This was achieved by offering even greater concessions than those offered to other EPZ companies, such as corporate tax holidays, free repatriation of profits, exemption from sales tax etc.
Drawing in the parastatals providing water and electricity (Namwater and Nampower) as well as the Windhoek municipality, the Ministry put together an incentive package which included subsidised water and electricity, a 99-year tax exemption on land use as well as over N$ 100 million to prepare the site including the setting up of electricity, water and sewage infrastructure.
This was justified on the grounds that the company would create close to 10 000 jobs.
The plant turned cotton (imported duty free from West Africa) into textiles for the US market.
Ramatex' decision to locate production in Southern Africa was motivated by the objective to benefit from the Africa Growth and Opportunity Act (AGOA) which allows for duty free exports to the US from selected African countries who meet certain conditions set by the US government.
Even before the company began its operations in 2002, it made headlines, as it became the most talked about investment in Namibia.
The debate around Ramatex revolved around the massive size of its operations, the establishment of a new industry and the controversies surrounding the company's environmental impact and working conditions.
A study carried out by LaRRI in 2003 found widespread abuses of workers rights, including included forced pregnancy tests for women who applied for jobs; non-payment for workers on sick leave; very low wages and no benefits; insufficient health and safety measures; no compensation in case of accidents; abuse by supervisors; and open hostility towards trade unions etc.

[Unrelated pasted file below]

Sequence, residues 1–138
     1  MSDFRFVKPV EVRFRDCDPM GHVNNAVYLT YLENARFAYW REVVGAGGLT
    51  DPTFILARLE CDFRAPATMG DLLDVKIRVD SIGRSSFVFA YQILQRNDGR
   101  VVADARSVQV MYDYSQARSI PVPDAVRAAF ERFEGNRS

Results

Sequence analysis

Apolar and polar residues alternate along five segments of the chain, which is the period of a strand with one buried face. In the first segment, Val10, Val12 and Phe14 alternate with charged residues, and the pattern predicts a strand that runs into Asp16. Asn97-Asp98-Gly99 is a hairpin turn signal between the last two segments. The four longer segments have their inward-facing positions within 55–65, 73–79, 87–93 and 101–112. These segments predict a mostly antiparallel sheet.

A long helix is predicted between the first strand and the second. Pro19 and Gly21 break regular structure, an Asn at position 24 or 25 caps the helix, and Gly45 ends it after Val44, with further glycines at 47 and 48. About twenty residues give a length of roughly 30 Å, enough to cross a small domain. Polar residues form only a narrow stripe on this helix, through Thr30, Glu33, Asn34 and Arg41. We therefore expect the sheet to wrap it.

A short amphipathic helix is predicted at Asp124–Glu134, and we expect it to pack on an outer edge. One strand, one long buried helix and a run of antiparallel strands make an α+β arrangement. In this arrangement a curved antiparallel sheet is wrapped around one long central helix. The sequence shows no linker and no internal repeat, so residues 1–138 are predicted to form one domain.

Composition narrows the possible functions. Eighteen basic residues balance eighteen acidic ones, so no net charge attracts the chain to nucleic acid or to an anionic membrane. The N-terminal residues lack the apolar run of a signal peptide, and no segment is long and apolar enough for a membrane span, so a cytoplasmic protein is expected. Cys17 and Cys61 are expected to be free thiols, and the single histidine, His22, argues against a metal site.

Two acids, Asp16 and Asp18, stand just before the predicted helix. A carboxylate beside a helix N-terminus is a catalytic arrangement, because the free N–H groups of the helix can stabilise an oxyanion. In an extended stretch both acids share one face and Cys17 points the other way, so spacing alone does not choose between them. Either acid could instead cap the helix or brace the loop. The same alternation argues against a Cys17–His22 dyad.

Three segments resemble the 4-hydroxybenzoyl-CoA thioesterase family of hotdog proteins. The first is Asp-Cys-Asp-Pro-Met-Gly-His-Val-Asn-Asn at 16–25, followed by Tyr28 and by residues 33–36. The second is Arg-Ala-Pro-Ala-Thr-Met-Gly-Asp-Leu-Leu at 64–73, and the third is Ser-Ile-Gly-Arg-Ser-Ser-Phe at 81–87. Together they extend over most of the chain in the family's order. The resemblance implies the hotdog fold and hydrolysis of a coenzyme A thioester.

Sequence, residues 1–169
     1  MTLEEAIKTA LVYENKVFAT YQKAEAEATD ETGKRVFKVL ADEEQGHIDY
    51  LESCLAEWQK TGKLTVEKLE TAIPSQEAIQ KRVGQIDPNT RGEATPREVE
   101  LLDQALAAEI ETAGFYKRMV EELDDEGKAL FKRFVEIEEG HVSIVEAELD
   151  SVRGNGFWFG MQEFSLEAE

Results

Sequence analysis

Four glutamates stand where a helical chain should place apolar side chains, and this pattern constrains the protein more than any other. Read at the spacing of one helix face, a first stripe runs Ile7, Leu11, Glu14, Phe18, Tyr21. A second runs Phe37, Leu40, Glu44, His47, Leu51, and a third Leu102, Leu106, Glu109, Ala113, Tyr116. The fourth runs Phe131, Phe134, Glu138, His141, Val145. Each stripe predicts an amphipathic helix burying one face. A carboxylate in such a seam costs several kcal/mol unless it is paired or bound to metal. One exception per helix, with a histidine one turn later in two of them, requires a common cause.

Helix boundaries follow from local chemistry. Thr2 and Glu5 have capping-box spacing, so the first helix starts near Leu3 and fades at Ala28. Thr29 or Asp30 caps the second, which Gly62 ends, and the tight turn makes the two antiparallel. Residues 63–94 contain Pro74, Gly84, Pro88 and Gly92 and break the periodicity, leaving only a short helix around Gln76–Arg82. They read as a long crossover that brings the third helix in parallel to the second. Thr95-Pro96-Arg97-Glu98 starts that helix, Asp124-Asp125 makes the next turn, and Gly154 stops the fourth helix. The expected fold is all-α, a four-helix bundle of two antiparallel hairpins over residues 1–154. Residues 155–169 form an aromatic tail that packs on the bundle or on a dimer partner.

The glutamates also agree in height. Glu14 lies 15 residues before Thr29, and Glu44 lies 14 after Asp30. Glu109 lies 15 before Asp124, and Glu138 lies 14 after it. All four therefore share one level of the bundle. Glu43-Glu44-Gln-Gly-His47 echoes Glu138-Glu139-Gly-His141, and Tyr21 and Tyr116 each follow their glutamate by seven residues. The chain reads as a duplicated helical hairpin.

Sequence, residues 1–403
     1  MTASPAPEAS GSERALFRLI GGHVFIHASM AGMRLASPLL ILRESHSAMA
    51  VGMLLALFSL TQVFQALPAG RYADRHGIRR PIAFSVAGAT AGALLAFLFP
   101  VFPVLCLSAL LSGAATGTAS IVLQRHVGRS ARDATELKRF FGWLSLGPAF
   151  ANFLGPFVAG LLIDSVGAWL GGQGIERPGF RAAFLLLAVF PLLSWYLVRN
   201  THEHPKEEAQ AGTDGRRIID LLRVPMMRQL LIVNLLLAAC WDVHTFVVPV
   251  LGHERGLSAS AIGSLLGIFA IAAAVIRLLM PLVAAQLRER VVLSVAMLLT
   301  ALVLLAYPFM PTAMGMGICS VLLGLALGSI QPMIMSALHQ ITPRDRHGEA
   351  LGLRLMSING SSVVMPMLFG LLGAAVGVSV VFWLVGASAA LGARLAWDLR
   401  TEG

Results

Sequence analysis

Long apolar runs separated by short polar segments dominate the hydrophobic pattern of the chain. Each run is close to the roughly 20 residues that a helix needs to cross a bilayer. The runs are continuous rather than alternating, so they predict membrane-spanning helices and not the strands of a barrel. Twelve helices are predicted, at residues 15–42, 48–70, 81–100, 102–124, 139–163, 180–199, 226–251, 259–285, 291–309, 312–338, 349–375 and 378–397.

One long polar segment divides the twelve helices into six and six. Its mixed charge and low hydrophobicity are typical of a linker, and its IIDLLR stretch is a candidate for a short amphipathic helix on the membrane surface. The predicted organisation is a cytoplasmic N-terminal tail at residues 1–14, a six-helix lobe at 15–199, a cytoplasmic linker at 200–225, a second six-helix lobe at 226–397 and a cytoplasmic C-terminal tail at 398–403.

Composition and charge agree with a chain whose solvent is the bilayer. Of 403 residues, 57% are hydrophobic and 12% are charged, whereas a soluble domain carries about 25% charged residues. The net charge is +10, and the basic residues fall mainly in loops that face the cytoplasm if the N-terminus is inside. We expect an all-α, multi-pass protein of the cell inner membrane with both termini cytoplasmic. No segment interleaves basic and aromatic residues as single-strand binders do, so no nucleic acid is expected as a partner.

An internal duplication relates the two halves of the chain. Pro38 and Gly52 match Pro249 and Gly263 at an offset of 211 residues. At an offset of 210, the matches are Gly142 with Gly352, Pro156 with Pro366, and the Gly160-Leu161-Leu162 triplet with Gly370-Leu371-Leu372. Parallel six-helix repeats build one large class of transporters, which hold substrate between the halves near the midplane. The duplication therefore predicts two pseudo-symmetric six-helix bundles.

Tensions boiled over on several occasions.
After spontaneous work stoppages in 2002 and 2003, Ramatex finally recognised the Namibia Food and Allied Workers Union (NAFAU) as the workers' exclusive bargaining agent in October 2003.
The recognition agreement was supposed to pave the way for improved labour relations and collective bargaining.
However, the union was unable to make progress on substantive issues and on several occasions reported Ramatex to the Office of the Labour Commissioner for unfair labour practices and the company's unwillingness to negotiate in good faith.
Despite several attempts to find a solution through mediation, no agreement was reached.
By September 2006, the company had not raised wages and benefits and claimed that its operations in Namibia were running at a loss.
Ramatex' workers, however, had run out of patience and declared that they would go on strike unless their wages were significantly improved.
When the company refused to meet their demands, they went on strike in October 2006, bringing the operations to a standstill.